26 November 2021: University of Canberra nursing student Lachlan Stewart has been named the winner of the 2021 Caring for Older People Excellence (COPE) award at the annual Dr Sarah Cope Memorial Lecture.
The award was established in honour of Dr Cope a much-loved and respected Assistant Professor of Nursing at the University, who died from bowel cancer in 2019 at the age of 44.
The COPE award is her legacy, and it recognises undergraduate nursing students at the University who bring the same passion and enthusiasm to the care of older people.
Mr Stewart was encouraged to apply for the award by his lecturer but said it was still a big surprise when he was named the winner.
“I’m very proud to have this connection with Sarah, even though I wasn’t fortunate enough to work with her,” he said.
“If I can come anywhere close to being the nurse she was, I would be very, very happy.”
Mr Stewart has worked in aged care at St Andrews Village in Hughes for the past three years, starting out as an administration officer and now working as the Workplace Health and Safety and Cultural Diversity Inclusion officer.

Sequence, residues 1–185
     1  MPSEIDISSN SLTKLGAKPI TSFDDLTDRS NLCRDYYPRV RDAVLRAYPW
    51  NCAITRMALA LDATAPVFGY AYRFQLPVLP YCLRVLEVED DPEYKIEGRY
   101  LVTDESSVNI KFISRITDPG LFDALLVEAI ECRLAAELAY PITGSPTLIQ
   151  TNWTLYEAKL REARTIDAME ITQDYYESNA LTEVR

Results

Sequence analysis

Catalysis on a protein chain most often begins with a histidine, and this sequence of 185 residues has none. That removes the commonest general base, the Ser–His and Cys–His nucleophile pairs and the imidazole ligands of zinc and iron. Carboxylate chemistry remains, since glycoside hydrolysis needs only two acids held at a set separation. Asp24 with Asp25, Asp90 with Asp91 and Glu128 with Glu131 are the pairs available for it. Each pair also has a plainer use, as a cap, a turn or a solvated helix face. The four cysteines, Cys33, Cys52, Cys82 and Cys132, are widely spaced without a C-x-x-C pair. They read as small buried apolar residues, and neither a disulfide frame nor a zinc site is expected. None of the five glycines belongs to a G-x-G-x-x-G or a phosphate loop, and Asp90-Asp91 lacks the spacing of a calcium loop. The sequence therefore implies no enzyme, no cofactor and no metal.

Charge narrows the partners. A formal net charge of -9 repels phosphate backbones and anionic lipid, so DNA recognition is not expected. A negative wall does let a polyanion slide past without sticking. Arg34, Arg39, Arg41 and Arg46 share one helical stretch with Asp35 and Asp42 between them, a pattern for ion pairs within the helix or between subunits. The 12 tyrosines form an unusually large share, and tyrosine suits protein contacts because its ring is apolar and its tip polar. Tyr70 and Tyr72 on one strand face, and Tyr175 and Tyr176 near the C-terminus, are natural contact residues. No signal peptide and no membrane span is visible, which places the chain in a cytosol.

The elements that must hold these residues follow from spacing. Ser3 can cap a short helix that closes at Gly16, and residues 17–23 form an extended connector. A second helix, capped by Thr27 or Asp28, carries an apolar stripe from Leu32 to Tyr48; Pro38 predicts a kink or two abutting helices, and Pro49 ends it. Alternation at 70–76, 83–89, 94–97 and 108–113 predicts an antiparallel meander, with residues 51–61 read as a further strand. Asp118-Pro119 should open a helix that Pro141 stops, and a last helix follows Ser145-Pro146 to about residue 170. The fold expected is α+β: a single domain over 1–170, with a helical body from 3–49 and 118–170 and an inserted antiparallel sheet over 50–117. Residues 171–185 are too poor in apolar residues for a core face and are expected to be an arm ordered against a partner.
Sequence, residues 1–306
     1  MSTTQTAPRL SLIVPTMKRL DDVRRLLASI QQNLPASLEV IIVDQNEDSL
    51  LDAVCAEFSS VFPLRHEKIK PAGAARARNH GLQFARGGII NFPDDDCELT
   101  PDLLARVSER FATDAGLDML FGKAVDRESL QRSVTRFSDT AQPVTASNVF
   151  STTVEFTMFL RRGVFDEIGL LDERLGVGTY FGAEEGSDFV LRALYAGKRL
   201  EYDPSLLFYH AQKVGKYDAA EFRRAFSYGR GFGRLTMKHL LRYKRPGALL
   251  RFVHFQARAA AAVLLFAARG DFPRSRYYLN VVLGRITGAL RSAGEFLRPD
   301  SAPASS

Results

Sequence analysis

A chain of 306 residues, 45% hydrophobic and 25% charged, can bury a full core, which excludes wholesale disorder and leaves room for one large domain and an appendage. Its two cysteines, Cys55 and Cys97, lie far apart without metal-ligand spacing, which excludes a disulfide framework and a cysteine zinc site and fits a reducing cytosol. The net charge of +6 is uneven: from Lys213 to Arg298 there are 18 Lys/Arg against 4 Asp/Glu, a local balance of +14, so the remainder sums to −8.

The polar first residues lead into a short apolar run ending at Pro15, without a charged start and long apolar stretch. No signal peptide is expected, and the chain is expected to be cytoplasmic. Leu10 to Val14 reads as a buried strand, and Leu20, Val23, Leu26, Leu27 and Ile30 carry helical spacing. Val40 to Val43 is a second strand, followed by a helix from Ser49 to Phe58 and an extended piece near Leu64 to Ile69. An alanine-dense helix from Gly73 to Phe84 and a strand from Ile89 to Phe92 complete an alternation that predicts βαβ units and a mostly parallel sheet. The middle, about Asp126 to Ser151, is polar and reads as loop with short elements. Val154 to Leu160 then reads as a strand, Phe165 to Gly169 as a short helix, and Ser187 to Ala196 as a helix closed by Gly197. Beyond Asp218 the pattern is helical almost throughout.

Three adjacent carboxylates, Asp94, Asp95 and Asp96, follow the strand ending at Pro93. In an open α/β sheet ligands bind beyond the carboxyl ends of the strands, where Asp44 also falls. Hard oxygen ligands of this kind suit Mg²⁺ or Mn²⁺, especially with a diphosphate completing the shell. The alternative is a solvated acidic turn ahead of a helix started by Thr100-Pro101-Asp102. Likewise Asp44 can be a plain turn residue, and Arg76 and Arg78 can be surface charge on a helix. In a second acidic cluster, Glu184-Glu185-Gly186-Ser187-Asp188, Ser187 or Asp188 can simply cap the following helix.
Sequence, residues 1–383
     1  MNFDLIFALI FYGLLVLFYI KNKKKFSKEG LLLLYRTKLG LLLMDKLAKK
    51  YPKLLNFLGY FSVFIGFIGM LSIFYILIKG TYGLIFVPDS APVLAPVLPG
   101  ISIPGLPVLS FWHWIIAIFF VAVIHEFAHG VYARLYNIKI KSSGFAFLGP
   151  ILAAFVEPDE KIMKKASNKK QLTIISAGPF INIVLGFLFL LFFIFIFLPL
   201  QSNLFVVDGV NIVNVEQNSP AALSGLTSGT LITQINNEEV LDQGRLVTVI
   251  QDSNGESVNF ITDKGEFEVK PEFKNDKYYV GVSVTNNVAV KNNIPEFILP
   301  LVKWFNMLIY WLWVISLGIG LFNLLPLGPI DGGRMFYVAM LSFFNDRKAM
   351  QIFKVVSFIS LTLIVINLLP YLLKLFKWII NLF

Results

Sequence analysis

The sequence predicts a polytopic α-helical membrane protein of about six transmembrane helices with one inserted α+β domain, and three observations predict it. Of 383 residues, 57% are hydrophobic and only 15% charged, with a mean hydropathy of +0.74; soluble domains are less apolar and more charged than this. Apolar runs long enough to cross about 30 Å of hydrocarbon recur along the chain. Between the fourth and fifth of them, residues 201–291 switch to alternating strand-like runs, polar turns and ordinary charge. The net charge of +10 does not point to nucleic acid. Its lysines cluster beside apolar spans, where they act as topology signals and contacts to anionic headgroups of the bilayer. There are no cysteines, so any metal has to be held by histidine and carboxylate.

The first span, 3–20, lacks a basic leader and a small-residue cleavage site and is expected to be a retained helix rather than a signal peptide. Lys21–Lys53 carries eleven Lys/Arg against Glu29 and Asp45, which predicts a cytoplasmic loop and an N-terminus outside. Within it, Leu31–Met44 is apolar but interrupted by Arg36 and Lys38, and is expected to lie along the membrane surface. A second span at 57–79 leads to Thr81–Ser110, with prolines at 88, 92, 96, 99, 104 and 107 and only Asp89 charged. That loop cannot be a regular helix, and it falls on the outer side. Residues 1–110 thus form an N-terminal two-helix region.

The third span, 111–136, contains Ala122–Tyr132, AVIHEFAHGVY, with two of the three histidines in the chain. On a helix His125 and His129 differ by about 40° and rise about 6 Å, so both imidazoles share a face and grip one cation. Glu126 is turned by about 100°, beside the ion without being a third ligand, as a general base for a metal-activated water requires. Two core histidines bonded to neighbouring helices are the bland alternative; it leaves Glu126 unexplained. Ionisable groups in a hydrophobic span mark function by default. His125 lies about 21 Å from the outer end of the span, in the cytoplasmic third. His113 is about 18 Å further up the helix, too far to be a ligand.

Supervisors at St Andrews spoke of his many exemplary qualities in delivering person-centred care, saying he was an excellent student and an ideal candidate for the award.
Not only was Mr Stewart applauded for his passion for aged care, but he was also recognised for his aptitude for complex work, ability to put research into practice, evidence-based approach to dementia care, and leadership in supporting other aged care staff.
Mr Stewart’s mother was also a nurse, specialising in clinical governance, and he has been interested in following in her footsteps from a young age.
“Now that I’m actually working in the field, my experiences have just reinforced that I was meant to do this kind of work,” he said.
“While some may not consider working with the elderly the most glamorous form of nursing, to me it’s certainly the most rewarding.”
Associate Professor in Nursing Kasia Bail said it was important to celebrate successes in the aged care space, particularly after the findings of the Royal Commission into Aged Care Quality and Safety.
“We need to keep reinforcing the strong social value we place on the care of older people, both here at UC and in the wider community,” Associate Professor Bail said.
“I see a lot of students enrolling in our nursing degree because they love working in aged care, and the most rewarding thing for me is when they enter the workforce with the skills and knowledge they need, while holding on to that passion and determination.”
The need for both compassion and expertise in aged care nursing was a conviction she shared with her friend and colleague Dr Cope.
“It’s so important that we have nurses in aged care like Lachlan, who are highly-skilled as well as passionate,” she said.
“Sarah would have been very proud.”